Think of John Singer Sargent and you think of oil paint; of the cool, rich palette of his Edwardian society portraits. But the Dulwich Picture Gallery’s latest exhibition, Sargent: The Watercolours, introduces us to a different side of the Anglo-American artist. A looser, freer, less rigid Sargent strides forth, but one, it must be said, that is just as technically proficient.
Tired of portrait commissions at peak celebrity, Sargent turned to watercolour. For Sargent, watercolour offered freedom from the strictures of the studio and light relief from the conventions of portraiture. Composed en plein air, away from the creaking easel and stilled air of a studio, these Impressionistic sketches capture light and flowing water as never seen before in his career.
The exhibition at Dulwich Picture Gallery is curated by Sargent’s great-nephew, Richard Ormond, widely acknowledged to be one of the leading authorities on the artist. Ormond has organised the show thematically into four sections: fragments, cities, landscapes and figures. Sargent's watercolours of the city of Venice, which dominate the second gallery, are among the most insightful in the show.
John Singer Sargent, The Church of Santa Maria della Salute, Venice, c. 1904-9
Entranced by the translucence of Venetian light, the city would provide Sargent with inspiration for more than twenty years. While the subject matter of his Ventian compositions may not be progressive – we see gondolas, canals and palazzos aplenty – the perspective certainly is.
The low vantage point from which Sargent often painted, has come to be known today as the ‘gondola perspective’. By employing this perspective in his Venetian compositions, Sargent invites us to see what he sees. We see the base of a statue rather than the whole, or part of a palazzo rather than the whole. Collapsing the metaphorical fourth-wall with this perspective, Sargent establishes an intimate bond between subject, painter and viewer.
Sketching on the Giudecca, c.1904, is an exquisitely realised example of this unorthodox approach. By including the front of the gondola from which he paints in the composition, Sargent invites us to join the party. The sun beats down on us, the canal water flows around us. Thanks to his thick daubs of white impasto, and light washed tones of yellow, brown, blue and mauve, Sargent’s water glistens and gleams. We are plunged into his world.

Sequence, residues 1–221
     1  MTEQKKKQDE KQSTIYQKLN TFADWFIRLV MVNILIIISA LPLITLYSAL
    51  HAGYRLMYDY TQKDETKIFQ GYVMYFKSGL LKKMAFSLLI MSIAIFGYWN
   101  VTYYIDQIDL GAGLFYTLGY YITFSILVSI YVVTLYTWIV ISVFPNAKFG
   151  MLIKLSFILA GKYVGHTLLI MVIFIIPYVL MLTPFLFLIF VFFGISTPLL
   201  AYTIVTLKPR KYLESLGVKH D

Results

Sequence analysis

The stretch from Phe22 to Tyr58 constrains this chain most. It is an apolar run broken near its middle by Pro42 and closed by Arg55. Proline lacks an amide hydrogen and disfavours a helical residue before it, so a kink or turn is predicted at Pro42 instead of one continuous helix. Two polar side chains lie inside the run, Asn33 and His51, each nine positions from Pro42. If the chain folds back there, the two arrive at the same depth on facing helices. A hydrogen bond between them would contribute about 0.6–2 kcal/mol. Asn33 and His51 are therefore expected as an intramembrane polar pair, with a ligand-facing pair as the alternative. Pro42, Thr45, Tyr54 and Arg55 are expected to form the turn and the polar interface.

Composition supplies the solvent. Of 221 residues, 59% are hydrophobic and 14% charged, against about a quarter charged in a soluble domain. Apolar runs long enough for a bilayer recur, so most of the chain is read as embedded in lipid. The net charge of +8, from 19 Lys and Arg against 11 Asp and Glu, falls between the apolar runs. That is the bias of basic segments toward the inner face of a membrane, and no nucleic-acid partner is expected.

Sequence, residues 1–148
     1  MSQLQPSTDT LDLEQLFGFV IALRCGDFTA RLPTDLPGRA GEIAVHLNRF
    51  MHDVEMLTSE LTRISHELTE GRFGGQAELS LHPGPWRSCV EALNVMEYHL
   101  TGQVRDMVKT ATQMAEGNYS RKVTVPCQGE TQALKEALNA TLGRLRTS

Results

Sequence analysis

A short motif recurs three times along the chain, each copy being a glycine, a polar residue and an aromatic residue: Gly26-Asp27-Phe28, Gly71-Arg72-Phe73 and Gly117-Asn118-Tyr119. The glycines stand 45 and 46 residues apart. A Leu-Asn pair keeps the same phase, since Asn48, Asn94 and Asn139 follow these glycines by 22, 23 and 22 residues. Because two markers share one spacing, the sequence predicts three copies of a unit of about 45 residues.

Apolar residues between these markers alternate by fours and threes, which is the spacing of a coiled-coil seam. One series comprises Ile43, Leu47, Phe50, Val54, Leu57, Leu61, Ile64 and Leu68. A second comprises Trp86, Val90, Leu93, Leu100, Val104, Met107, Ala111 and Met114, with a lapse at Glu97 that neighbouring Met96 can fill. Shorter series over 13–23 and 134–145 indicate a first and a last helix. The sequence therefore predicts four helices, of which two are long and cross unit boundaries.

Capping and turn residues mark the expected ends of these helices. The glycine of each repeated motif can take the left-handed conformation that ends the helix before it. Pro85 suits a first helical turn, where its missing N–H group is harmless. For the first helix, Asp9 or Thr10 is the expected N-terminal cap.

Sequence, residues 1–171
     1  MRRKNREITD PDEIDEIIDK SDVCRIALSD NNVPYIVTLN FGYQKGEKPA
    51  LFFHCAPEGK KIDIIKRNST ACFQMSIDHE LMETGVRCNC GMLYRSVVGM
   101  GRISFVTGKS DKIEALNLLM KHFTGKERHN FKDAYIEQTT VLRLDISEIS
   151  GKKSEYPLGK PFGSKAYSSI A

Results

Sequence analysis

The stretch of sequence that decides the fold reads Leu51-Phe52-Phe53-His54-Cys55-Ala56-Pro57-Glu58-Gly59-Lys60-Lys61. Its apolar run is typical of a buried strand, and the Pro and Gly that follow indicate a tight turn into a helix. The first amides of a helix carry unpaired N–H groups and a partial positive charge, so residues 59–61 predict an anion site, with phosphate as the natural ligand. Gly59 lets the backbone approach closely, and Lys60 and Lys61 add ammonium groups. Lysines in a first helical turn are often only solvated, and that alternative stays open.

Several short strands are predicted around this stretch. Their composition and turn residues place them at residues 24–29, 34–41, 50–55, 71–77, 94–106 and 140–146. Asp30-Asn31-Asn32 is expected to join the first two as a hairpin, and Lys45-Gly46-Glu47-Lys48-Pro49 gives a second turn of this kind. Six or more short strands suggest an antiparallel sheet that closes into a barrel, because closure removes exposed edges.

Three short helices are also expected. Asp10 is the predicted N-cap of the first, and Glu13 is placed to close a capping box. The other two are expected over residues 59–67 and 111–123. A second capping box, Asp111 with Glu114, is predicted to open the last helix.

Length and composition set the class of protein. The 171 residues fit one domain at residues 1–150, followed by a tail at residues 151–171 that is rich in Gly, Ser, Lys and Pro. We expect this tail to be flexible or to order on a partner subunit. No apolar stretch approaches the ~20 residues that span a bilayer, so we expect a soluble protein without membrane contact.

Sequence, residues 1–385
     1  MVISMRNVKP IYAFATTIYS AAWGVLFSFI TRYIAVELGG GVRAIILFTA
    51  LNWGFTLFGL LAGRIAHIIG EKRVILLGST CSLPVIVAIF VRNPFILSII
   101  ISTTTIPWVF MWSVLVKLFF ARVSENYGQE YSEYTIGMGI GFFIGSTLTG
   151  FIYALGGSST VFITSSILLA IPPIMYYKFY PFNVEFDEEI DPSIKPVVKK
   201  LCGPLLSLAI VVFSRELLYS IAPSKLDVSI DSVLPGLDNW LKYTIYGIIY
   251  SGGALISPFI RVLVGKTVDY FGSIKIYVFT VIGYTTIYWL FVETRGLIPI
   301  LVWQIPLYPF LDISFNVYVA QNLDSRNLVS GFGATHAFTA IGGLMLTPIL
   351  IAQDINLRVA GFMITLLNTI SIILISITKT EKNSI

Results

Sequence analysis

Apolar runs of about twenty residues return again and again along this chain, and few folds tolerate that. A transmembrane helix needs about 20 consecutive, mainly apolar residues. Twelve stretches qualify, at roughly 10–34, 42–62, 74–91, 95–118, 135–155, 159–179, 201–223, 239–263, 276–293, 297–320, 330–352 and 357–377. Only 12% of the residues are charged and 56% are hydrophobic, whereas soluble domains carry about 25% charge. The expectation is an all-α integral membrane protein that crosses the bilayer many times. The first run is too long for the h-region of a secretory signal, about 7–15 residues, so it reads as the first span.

John Singer Sargent, A Glacier Stream in the Alps, c. 1909-11
But Sargent didn’t just paint Venetian canals. We see fountains, mountain streams, lakes and cascades in the exhibition as well. San Vigilio, 1913, captures the tranquility of Lake Garda's waters in northern Italy with remarkable proficiency. The bobbing rowing boat and lapping water evokes longed for holidays where long-summer days are spent languishing in hidden creeks and coves. The sense of urgency in his brushstrokes, the surprisingly vibrant palette, the glisten, the sheen and the sensuality of his surfaces transform his landscapes into dreamscapes.
His watercolours may not be challenging nor are they deeply emotional. In fact, the last room, populated with woefully passive figures – predominantly of Sargent’s nieces, female friends and sisters reclining in gardens, parks or by brooks – is deeply unemotional. But they are pretty. Given Sargent has always been about pretty, why should his watercolours be any different?
John Singer Sargent, A Turkish Woman by a Stream, c. 1907
We have seen a lot of Sargent in recent years – The Royal Academy presented an exhibition of his marine works in 2010 while the National Portrait Gallery presented an exhibition of his portraits in 2012 – but this exhibition offers a new angle on the artist. They present his watercolours, previously dismissed as travel souvenirs, as an integral and stylistically revelatory part of the artist’s oeuvre.
This looser, lighter, more fluid Sargent, is quite frankly entrancing.
|What||Review: John Singer Sargent Watercolours, Dulwich Picture Gallery|
|Where||Dulwich Picture Gallery, Gallery Road, London, SE21 7AD | MAP|
|Nearest tube||Brixton (underground)|
21 Jun 17 – 08 Oct 17, Tuesday - Sunday, 10am - 5pm (Last Entry 4:30pm) Monday: closed (except Bank Holiday Mondays, when we open 10am – 5pm)
|Website||Click here for more information|